It’s going to require Art to win a Culture War
Art is the most powerful medium for affecting the mind
Beauty is the most persuasive force on earth over all others
— Alexander J.A Cortes (@AJA_Cortes) March 12, 2019
This tweet convicted me of something that’d been on my mind for a long time.
I am by nature a man of knowledge, data, rationalism. I prefer the quantitative over the qualitative. I would rather hear facts over emotional expression. Over the years I’ve learned how to talk in terms of emotions but I still do so in an analytical way. I’m a scientist, a philosopher, an engineer, a problem solver. When I try to be persuasive I try doing so using information and logic.
But during the 2016 presidential elections, and the years of the Trump presidency, it’s become obvious that when dealing with fellow humans, this is usually the wrong way to operate. Humans are not computers, they are not scientific models. They’re people. And although nerds like myself put more value on logic and data than the typical person, the fact is even we are susceptible to the influence of art and beauty.
As I continue to improve in the fields of socialization – friendship, romance, leadership, persuasion, etc. – I think it’s good for me to really think about how art and beauty not only affect me, but can be used to affect others. I think about the many stories I’ve heard and read in my life. We humans naturally think in terms of stories and tales. That’s why mythologies and legends have survived for untold thousands of years. At present we can’t say if any of our oldest stories date from the Ice Age or have characters inspired by Neanderthals, but it wouldn’t surprise me if we discovered any. Stories are art. A compelling narrative draws you in, makes you want to know what happens next, leaves you yearning for a satisfying conclusion. Throughout his time in politics, Trump has painted a story of drug cartels and criminals passing through our southern border, and has promised to build a stronger wall to keep them out. Millions like myself are now curious to see how it ends – does he make that wall? Does it do any good? We’re all on the seat of our pants looking for the outcome.
Because I prefer talking in terms of data and bullet points, I often lack that ability to capture people’s hearts and minds. As time goes on, maybe it’d be better if I were to cast more of my life events as a story: a problem presents itself, I fight through obstacles to overcome it, I have a moment of personal change which solves the problem, and finally I walk away a successful and changed man.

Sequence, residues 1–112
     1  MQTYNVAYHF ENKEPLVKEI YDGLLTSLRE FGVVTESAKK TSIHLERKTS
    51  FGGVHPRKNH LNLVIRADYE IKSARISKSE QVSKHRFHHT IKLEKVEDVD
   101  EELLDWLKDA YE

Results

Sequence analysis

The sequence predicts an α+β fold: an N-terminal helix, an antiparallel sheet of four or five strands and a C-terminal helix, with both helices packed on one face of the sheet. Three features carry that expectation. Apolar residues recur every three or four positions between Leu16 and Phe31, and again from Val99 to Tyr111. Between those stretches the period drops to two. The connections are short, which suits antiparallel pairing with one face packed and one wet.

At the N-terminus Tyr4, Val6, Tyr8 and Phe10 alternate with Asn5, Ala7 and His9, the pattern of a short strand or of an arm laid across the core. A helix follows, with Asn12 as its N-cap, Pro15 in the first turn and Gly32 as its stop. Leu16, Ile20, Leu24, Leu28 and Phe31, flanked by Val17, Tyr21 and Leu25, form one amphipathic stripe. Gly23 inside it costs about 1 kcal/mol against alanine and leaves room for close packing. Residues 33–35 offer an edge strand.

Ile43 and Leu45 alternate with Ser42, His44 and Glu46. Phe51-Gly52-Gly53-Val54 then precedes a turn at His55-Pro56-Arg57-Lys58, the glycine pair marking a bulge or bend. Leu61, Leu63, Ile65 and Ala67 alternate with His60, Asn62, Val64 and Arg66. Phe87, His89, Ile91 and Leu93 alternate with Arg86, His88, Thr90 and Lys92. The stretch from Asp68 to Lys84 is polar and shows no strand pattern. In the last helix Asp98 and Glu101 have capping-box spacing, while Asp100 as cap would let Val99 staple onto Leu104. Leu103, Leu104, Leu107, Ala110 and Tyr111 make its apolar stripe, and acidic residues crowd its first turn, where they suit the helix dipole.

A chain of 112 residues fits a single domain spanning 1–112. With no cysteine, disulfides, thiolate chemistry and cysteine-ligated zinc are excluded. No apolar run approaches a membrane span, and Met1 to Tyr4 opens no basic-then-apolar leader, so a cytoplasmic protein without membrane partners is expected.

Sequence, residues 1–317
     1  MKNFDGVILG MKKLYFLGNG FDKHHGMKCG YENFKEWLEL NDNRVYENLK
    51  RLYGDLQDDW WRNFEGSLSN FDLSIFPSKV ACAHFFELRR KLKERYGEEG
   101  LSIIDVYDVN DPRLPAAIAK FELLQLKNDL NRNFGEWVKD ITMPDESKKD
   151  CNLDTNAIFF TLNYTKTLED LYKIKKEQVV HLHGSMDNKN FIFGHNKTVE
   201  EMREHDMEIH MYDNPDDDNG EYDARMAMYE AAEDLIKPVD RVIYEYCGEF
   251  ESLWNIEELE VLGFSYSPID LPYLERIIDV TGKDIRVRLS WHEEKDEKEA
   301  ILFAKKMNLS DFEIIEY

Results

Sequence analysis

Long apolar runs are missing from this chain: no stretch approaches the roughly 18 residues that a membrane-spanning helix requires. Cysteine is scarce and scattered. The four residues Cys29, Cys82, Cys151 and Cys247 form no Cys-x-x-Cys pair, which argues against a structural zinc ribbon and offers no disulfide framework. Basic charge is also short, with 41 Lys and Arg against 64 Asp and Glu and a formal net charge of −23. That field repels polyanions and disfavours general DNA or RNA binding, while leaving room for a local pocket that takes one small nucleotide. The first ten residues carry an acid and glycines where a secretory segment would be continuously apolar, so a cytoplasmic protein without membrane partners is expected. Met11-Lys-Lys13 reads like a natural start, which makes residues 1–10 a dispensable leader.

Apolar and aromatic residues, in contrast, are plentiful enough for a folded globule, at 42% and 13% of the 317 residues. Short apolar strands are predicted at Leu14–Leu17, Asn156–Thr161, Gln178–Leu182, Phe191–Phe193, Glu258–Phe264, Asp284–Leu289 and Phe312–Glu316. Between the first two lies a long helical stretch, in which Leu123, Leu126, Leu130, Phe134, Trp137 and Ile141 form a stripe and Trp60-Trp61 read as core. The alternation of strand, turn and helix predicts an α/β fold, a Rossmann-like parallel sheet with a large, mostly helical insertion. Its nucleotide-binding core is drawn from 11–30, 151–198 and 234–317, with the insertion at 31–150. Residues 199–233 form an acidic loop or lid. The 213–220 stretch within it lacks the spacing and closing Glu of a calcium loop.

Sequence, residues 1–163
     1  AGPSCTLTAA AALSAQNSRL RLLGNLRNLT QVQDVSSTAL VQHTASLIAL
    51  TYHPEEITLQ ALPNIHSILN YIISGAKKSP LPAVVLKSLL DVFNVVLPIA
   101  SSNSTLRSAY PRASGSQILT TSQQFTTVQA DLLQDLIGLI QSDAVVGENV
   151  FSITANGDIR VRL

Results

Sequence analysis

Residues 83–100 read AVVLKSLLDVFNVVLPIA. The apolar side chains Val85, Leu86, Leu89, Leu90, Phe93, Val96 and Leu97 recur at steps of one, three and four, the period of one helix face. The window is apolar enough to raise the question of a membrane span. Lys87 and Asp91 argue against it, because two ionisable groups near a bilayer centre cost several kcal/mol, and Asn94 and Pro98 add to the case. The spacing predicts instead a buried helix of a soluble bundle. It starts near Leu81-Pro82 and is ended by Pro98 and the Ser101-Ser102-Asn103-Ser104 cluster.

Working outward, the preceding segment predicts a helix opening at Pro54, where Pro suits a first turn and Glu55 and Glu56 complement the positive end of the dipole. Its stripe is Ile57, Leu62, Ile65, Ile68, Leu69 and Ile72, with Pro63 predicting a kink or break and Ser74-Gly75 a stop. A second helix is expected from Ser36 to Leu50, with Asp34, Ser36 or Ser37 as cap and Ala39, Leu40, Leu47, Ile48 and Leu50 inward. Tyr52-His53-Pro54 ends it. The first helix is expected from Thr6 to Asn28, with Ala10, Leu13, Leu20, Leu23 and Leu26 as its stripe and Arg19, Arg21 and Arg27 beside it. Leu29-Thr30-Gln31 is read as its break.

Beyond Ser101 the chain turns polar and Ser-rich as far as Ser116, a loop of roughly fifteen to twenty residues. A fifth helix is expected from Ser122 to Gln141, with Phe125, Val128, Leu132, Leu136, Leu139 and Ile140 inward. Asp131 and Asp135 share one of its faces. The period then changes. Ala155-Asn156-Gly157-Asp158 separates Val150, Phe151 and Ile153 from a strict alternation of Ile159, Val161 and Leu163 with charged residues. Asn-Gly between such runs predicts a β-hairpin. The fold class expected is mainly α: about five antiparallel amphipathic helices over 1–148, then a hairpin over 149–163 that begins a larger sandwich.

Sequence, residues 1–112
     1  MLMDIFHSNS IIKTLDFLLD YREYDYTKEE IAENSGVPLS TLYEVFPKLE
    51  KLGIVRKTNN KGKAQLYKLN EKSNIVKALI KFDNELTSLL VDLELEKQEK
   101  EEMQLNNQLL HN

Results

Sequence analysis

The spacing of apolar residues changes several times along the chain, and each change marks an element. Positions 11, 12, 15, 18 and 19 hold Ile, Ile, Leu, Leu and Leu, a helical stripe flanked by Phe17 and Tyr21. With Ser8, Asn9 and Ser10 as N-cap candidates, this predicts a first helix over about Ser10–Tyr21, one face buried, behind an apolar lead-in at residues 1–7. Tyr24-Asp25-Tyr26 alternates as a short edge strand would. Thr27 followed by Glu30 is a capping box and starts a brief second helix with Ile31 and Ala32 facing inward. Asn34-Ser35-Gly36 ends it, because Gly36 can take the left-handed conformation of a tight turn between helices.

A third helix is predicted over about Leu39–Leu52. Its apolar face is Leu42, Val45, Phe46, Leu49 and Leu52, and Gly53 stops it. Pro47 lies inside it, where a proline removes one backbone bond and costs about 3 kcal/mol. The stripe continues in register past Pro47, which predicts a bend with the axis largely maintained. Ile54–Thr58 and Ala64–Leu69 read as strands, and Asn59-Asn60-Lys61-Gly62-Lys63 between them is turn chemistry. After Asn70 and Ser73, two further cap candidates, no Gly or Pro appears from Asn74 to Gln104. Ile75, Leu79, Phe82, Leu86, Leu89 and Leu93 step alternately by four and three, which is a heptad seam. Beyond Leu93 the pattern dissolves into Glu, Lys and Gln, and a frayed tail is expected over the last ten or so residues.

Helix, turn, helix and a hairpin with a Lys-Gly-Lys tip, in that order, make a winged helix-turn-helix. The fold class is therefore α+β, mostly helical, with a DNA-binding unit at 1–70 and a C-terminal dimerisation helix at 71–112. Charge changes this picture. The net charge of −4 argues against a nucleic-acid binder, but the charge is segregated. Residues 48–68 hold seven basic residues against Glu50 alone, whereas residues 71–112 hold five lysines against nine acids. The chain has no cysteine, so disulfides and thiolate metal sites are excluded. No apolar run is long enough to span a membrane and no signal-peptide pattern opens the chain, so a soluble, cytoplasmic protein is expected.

Stories are persuasive. If you can describe the visceral and emotional details well enough, the listener or reader feels like they’re in the situation. They experience empathy, they get into your shoes. And when they see things from your perspective it can be hard for them to object.
Now let’s talk about visual beauty. Honestly, doesn’t it just feel good to be around attractive people? I’m a programmer in a male-dominated industry and us coders, well, we don’t always take the best care of our bodies or give much attention to fashion. So when I step away from the computers and into a more social setting, I’m often around good-looking women and handsome men. And it feels really nice! There’s a biological aspect to it of course, because good looks signify things like fertility, strength, and status. Any group with enough resources is going to put its best-groomed men and most attractive women in front of the cameras, unless the more homely members somehow have greater persuasive power. The Church is no exception to this, although you’d really think it would be. The fashionable, attractive ones end up in the worship band and the preaching team.
A crowd with little other information will choose who to follow on the basis of looks alone. “That group enabled that person to be beautiful,” they say to themselves. “I want to be in such a wealthy organization too.”
Or think about architecture. Catholic cathedrals are beautiful. It makes sense, too – it’s the house of God, from whom we get our concept of beauty. Cathedrals reflect the divine beauty, but also seek to make an atmosphere of beauty itself. Wouldn’t you prefer a beautiful building over an ugly one?
Beauty and art have the ability to affect our emotions. My mood is improved when I’m around good looking people; it’s unaffected or worsened by being around ugly people. I see the Cologne cathedral and am put in awe. I look at some of the buildings on the nearby college campus and consider them a blasphemy against nature with their brutish, uninspired walls.
Truth be told, I don’t think I’m as moved by beauty and art as most others. It would explain why I’m so apathetic toward it. With a few exceptions I don’t react strongly to aesthetics. Written and musical art touches me more. But I am surrounded by people who get so much more about stories and songs and paintings than I do, that it’s worth to takes these mediums seriously. Because if I am going to live my life outside of ivory towers, it’s basically a necessity for me to engage the world at the artistic level, because it is emphasizes and expected so much more than scientists and philosophers who emphasize truth over aesthetic. If I want to change the world I need to not just make it logical. I need to make it beautiful.